The amount of housing benefit you will get under Local Housing Allowance (LHA) rules depends
- on the number of people who live in your home
- on where your home is situated and
- on how much income or savings your household has.
Often, your Housing Benefit will be lower than the rent you have to pay your landlord. Tenants in this situation have to make up the difference out of their other income, but should apply for extra help in the form of a Discretionary Housing Payment.
To work out how much you'll get the Housing Executive looks at which broad rental market area (BRMA) you live in, the number of bedrooms your household requires and how much income and capital you have.
Where is your home?
The Housing Executive will need to know which "Broad Rental Market Area" your rental home is in. There are 8 broad rental market areas in Northern Ireland:
- Belfast (BT1, BT2, BT3, BT4, BT5, BT6, BT7, BT8, BT9, BT10, BT11, BT12, BT13, BT14, BT15, BT16)
- Lough Neagh Upper (BT29, BT36, BT37, BT38, BT39, BT40, BT41, BT42, BT43, BT44, BT45, BT46, BT80)
- Lough Neagh Lower (BT25, BT62, BT63, BT64, BT65, BT66, BT67, BT69, BT70, BT71)
- North (BT51, BT52, BT53, BT54, BT55, BT56, BT57)
- North West (BT47, BT48, BT49, BT82)
- South (BT31, BT32, BT33, BT34, BT35, BT60, BT61, BT68)
- South East (BT17, BT18, BT19, BT20, BT21, BT22, BT23, BT24, BT26, BT27, BT28, BT30)
- South West (BT74, BT75, BT76, BT77, BT78, BT79, BT81, BT92, BT93, BT94).
You can find the map with different BRMAs on the Housing Executive's website.
If there aren't enough rental properties in the area you want to live in for the Housing Executive to work out the LHA rate, the Housing Executive may use the rental data from similar areas to work out the LHA rates.
How many rooms does the government think you need?
It doesn't matter how many rooms are in the property you're actually renting. The Housing Executive can only award you the LHA rate which is suitable for the size of your household, which means the number of bedrooms needed for the people living in your home.
In most cases, one bedroom is allocated for:
- every adult couple
- every other adult aged 16 or over
- any two children under 10
- any two children of the same sex
- any other child.
If someone in your home has a disability and requires regular overnight care you may be entitled to an additional bedroom allowance. There are certain criteria which apply:
- there must be a genuine, proven need for regular overnight care
- the care must currently be provided by someone outside of the household
- there must be a "spare" bedroom in the household for the carer can use.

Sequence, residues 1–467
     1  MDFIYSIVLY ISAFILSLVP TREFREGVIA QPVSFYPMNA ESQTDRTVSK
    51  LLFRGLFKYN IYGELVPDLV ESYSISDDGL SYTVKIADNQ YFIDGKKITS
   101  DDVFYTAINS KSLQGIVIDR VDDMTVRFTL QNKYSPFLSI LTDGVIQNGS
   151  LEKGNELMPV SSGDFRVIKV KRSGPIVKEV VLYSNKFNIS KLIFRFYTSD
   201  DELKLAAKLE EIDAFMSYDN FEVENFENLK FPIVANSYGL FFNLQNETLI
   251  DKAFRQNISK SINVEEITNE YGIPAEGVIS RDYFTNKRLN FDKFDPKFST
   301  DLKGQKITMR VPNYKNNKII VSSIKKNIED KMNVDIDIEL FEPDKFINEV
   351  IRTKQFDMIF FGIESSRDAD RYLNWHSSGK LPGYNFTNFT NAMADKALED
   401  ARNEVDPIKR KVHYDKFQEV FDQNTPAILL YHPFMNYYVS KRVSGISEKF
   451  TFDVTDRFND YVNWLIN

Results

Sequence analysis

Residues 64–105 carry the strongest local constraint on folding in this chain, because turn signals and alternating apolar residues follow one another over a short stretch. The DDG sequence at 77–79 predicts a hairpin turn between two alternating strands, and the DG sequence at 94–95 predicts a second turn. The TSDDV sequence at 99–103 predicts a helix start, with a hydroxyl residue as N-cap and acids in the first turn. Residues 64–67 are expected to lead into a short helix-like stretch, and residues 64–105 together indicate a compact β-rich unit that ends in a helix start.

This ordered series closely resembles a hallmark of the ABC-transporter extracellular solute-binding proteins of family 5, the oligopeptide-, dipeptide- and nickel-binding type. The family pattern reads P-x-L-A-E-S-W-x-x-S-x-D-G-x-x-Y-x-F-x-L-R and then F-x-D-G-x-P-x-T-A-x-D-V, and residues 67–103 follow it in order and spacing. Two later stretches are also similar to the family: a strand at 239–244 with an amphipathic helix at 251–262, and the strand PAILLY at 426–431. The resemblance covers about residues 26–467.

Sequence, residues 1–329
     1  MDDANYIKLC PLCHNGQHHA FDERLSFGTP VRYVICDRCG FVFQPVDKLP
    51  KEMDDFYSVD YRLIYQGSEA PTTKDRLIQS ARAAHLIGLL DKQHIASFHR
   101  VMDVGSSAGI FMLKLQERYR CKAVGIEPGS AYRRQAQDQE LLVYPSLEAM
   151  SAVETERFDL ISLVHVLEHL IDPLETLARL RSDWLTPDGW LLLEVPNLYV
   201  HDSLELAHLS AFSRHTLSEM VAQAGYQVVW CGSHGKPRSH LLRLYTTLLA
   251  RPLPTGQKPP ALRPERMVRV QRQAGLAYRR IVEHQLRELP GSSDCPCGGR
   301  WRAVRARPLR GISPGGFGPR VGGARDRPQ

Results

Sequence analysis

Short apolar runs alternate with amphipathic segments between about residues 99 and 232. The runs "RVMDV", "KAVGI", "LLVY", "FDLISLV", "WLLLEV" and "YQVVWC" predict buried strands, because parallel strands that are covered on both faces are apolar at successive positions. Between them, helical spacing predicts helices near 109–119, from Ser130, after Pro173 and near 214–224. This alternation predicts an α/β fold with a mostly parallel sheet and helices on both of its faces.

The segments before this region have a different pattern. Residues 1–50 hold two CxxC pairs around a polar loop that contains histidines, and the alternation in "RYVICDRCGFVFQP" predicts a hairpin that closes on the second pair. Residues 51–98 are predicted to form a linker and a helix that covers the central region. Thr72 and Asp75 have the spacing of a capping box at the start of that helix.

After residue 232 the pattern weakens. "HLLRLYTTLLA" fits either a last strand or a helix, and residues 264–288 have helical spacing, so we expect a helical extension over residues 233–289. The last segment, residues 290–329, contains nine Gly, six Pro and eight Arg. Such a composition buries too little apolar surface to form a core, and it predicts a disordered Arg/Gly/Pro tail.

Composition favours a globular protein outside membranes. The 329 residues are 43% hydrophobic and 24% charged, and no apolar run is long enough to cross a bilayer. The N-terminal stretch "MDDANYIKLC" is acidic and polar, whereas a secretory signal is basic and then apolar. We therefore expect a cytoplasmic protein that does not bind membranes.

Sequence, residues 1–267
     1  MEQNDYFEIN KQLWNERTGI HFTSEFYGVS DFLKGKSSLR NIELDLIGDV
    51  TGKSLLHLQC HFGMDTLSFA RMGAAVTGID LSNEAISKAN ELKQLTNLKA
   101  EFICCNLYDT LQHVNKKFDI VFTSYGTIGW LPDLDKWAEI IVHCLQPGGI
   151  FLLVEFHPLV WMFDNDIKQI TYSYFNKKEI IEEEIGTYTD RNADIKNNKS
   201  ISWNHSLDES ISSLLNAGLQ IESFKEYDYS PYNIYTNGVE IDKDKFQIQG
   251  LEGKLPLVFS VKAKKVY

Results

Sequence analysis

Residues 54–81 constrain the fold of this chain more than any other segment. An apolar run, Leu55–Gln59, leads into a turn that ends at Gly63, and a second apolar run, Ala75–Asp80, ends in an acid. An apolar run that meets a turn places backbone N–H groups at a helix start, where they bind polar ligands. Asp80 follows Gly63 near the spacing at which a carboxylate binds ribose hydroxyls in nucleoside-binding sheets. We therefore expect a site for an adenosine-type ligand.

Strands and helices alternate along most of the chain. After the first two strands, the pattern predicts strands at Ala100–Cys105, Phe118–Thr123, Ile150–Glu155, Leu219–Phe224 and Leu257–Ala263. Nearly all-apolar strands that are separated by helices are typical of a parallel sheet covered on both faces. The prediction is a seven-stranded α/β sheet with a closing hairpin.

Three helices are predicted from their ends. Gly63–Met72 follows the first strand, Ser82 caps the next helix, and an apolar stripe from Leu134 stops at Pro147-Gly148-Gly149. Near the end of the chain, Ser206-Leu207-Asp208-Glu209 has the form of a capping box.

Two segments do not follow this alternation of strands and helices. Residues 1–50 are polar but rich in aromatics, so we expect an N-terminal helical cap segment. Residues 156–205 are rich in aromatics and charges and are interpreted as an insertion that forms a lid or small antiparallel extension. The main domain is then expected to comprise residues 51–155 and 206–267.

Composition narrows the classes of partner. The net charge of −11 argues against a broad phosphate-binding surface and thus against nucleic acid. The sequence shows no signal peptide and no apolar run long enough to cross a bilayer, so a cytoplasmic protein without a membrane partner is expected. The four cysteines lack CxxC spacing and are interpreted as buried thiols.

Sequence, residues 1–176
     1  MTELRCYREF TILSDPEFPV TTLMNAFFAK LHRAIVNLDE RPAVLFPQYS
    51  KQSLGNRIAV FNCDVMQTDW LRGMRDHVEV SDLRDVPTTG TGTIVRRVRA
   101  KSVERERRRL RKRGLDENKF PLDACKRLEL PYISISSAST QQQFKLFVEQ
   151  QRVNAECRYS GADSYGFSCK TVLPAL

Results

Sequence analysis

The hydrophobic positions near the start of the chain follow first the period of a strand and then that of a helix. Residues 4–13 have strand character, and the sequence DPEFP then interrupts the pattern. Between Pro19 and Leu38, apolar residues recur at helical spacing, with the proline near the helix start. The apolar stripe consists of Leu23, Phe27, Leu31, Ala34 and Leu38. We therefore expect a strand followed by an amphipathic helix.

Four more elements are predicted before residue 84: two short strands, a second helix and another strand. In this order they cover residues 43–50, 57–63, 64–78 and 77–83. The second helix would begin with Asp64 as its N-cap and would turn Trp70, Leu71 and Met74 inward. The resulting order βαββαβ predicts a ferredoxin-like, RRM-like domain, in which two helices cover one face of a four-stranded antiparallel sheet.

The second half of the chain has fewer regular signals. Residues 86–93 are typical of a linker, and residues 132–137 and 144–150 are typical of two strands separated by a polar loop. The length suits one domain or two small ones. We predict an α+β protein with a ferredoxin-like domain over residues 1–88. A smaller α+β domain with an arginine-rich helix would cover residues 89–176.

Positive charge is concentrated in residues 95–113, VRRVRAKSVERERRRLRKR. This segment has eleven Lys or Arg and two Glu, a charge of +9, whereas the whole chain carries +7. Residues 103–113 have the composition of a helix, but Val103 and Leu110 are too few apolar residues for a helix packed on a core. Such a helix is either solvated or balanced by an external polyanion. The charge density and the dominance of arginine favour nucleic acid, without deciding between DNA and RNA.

If you think you should be entitled to this additional allowance, speak to an advice agency or contact the Housing Executive. You will have to provide some sort of evidence to support your claim. Remember, that the maximum Local Housing Allowance rate is for four bedrooms. You won't get any more Housing Benefit if you are already on the four-bedroom rate, and should apply for a Discretionary Housing Payment if you are struggling.
People with disabilities
You may be allowed an extra bedroom if a person in your household is disabled. You should get an extra room if
- two people cannot share because of a disability or
- someone who normally lives elsewhere, regularly stays overnight in your home to provide care to a person who has a disability.
The disabled person in your home must be getting certain benefits in order to get this extra bedroom and there will have to be an extra bedroom in the property for the person affected to use.
Portion of rent covered by housing benefit
Once you know how many bedrooms are allowed for your household, you can find out the maximum LHA rate for a property of that size in the area you live or want to live in. The maximum amount of housing benefit you'll get is the local housing allowance rate and some housing benefit to help with your rates, if you have to pay these. If your rent is higher than this, you'll have to cover any extra yourself. You might be able to get a Discretionary Housing Payment to help cover the extra rent, but there's no guarantee you'll get this.
Even if the LHA rate for your property appears to be greater than or equal to your rent, the actual amount you get may not cover all of your rent. This is because your income, savings and non-dependants living with you may influence the final calculation.
Under 35 or sharing a home with other people who aren't your family?
There are special rules for single people who are under 35. These people are usually only entitled to a shared rate of local housing allowance. You'll also only be entitled to the shared rate if you actually live in shared accommodation, no matter what age you are.